How Tech is Creating Its Own Dust Bowl

Historically, farmers in the USA have neglected managing the health of their soil. This is because there has always been “more land out west”. This is what led to the Dust Bowl, during which as much as 75% of the top soil in some places was lost. This resulted in approximately a 50% reduction in agricultural revenue and a 25% loss of the value of the farmland.

Today many farmers realize the importance of soil health, allowing them to grow food more profitably with less inputs like synthetic fertilizers and pesticides. Some farmers have even started to call themselves “soil farmers” and implement regenerative farming practices to care for the soil, better supporting the entire ecosystem.

Tech companies have created a Dust Bowl for themselves. As an industry we’ve created a self fulfilling prophecy that employees will jump ship within two years. The main reason: employees have to leave in order to get a raise in line with market increases. A close second is not providing opportunities for advancement. Because of this expectation companies and managers try to extract as much from an employee during their two-year term. This ensures the outcome that you are trying to avoid. This is a one way trip to disengaged, burnt out, and disloyal employees.

You end up sowing your own challenges in retaining talent and organizational knowledge. Microsoft Labs details some of these costs in their study, The Influence of Organizational Structure on Software Quality: An Empirical Case Study. In it, they show that organizational complexity measures, such as employee churn are more predictive of decreased quality through increased defects than code complexity, coverage, or churn metrics.

All of this also disregards the cost of hiring, and ramping up a new hire, which isn’t trivial.

Some back of the napkin math can show that even if you don't use an external recruiter, and your hiring funnel, onboarding process, and training are some of the most finely tuned in the industry, you’re still going to be spending a minimum of $25,000. Between internal recruiters, hiring managers, other folks that will be interviewing and training the candidate, and the candidate’s time getting up to speed, it all adds up pretty quickly.

If you work with an external recruiter, if the first candidate that applies and interviews isn’t a perfect fit, or if it takes you longer than 4 weeks to ramp up a new hire, your costs can easily ramp up to $50,000 or more. And this only goes up with seniority of the hire.

This turnover also stunts your ability to grow, because your hiring funnel has to outpace your employee churn, just like your sales funnel has to outpace your customer churn.

Couple this with being unwilling to hire and train junior engineers, and we’ve got a perfect storm brewing.

Shifting to a regenerative mindset is long term

Adding copious amounts of synthetic fertilizer, or just hiring new folks and hoping they last a little longer than the last batch, feels "easy" even if it isn't more efficient in the long run. (Or the short run as showcased above.)

Instead focus on a long term solution you can make your life easier. Commit to a mutually beneficial relationship with your employees, and expect the same. However, you’re going to have to be the vulnerable one, and go first. People expect to get burned by their employers. They expect managers to string them along with empty promises. Be different. Do better. Show them with your actions that you are willing to make the necessary changes. Ensure they’re compensated based on market rates before they come to you with an offer in hand. Then you can build your engineering team, and business, on a more stable foundation.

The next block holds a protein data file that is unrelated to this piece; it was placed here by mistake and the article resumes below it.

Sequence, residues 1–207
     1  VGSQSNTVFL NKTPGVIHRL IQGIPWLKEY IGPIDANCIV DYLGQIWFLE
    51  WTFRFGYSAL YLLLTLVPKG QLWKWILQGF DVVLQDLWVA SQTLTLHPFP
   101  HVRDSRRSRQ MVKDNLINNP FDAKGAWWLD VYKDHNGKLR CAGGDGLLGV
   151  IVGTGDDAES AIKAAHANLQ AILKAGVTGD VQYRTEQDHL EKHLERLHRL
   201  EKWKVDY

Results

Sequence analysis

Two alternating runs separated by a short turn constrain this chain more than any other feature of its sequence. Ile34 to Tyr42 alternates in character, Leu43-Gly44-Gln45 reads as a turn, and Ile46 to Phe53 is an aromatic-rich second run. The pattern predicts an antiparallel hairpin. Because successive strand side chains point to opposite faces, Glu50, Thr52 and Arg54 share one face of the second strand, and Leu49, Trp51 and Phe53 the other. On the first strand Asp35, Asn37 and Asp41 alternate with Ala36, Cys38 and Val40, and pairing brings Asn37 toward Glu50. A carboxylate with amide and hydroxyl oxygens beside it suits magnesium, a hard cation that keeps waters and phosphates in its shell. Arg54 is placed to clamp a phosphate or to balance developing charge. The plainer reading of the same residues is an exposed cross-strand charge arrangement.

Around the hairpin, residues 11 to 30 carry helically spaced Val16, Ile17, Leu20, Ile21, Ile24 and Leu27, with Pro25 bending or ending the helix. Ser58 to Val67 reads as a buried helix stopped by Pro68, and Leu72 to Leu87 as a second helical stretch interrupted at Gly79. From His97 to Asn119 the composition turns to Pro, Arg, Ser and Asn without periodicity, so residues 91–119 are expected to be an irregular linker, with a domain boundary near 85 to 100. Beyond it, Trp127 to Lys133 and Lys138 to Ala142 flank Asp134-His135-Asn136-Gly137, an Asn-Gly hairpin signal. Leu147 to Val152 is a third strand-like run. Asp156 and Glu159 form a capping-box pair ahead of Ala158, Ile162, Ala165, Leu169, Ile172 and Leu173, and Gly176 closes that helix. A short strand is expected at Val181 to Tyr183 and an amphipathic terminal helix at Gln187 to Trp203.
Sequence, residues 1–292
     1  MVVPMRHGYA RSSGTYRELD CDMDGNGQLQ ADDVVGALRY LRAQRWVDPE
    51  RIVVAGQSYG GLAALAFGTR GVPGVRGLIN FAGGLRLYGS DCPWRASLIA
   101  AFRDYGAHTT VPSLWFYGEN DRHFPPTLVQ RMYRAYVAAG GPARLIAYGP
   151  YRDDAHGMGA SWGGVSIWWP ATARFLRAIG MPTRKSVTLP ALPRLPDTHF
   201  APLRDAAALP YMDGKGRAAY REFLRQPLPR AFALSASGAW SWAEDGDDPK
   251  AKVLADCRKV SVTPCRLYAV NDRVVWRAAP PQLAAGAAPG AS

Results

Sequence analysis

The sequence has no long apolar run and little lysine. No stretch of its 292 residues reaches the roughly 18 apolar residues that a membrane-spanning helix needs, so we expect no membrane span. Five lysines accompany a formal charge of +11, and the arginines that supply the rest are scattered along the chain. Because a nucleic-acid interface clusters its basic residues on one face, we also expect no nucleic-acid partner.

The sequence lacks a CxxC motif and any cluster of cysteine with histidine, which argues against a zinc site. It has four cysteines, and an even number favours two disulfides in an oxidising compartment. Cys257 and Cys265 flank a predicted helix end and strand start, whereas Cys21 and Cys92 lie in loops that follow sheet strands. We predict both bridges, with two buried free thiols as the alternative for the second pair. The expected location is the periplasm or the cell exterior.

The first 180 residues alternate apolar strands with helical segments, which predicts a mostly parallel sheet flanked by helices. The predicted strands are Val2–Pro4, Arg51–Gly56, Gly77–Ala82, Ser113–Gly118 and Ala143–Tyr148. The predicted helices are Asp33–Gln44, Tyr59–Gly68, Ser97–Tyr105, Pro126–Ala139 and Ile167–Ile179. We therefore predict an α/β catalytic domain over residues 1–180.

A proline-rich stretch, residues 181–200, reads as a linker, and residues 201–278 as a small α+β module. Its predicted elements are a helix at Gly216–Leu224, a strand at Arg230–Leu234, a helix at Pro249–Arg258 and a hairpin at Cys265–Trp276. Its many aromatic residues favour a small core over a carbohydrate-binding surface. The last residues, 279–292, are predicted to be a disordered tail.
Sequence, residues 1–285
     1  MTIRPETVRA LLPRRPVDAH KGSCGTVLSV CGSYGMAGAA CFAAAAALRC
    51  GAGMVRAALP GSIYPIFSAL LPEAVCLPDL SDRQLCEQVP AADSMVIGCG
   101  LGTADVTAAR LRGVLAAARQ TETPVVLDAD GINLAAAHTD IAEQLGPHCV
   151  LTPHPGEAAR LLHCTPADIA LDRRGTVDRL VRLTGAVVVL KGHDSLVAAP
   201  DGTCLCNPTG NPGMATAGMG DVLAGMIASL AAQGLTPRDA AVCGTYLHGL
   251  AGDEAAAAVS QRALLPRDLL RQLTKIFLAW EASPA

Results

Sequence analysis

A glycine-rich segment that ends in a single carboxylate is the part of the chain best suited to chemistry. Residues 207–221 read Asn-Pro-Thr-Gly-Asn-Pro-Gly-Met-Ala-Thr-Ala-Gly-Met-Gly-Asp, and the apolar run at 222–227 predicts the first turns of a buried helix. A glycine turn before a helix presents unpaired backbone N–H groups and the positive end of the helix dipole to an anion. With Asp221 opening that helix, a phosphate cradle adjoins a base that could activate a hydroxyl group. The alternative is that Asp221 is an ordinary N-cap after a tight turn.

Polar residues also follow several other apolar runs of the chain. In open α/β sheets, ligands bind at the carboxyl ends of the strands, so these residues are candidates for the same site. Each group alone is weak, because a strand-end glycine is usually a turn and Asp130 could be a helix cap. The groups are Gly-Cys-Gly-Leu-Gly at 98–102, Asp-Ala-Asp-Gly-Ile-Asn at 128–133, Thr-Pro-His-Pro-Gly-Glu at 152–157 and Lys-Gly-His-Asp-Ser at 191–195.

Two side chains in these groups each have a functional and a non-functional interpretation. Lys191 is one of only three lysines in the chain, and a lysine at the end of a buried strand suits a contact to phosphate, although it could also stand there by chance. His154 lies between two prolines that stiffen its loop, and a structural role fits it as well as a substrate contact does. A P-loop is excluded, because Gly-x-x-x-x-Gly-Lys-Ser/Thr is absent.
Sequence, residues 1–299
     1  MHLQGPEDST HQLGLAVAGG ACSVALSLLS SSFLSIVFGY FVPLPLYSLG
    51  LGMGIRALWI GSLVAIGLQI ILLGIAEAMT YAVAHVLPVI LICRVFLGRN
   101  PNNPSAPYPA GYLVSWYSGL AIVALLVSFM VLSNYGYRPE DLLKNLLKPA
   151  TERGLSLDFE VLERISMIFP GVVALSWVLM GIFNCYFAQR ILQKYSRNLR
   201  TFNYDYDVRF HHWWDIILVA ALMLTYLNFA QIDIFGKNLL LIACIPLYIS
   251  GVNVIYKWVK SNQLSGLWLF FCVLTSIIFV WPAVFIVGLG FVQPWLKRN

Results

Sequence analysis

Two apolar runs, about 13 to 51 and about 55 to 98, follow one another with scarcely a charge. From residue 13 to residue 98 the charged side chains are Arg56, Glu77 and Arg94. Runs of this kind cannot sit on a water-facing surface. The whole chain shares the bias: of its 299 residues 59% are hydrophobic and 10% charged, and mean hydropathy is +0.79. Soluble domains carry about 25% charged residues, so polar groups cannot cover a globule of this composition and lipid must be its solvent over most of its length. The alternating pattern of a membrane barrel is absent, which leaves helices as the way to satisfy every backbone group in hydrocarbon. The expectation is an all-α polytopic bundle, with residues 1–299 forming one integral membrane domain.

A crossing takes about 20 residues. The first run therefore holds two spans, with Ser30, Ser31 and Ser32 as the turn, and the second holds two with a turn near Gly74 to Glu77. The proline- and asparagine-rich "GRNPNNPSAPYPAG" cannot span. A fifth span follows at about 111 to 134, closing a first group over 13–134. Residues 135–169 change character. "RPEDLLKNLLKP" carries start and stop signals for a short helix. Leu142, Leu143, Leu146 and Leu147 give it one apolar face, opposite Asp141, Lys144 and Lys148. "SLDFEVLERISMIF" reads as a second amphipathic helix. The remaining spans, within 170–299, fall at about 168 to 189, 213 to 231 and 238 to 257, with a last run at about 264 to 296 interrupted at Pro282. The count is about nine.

This requires a shift in mindset from management that mirrors the shift the farmer must experience, from extractive to regenerative. Rather than expecting that you will only have employees for two years, think of yourself as the steward of your employees. Imagine they’ll be with you indefinitely, but in the event that your paths diverge, you’ve left them better than you found them. Don't try to wring out every ounce of productivity until they're a dried out husk of their formerly excited selves.

Soil farming in your organization is hard work. You have to make sure that your compensation stays competitive ahead of folks coming to you with new offers in hand. You have to ensure your managers are creating opportunities for career advancement and that folks enjoy working there and feel challenged. And ideally you should be hiring and training new junior engineers.

All of this allows you to improve the health of your soil, which in turn improves outcomes, but it takes time. The improved outcomes are going to be lagging indicators, but fortunately for us, our cycle time is a little shorter than it is in farming.

Your philosophy may not align

Backtracking to the idea of an extractive versus a regenerative philosophy, your company may be guided by extractive principles, but that doesn't mean that you have to be, or should be, as a manager.

In fact, for the betterment of your career it's better to have a regenerative focus with your employees, because if the company has an extractive relationship, they're going to leave at some point, and you want to have a strong network of folks that have worked with you in order to help expand the strength of your network as they branch out into other organizations, because chances are that you'll be moving on too, likely sooner than later.

You reap what you sow.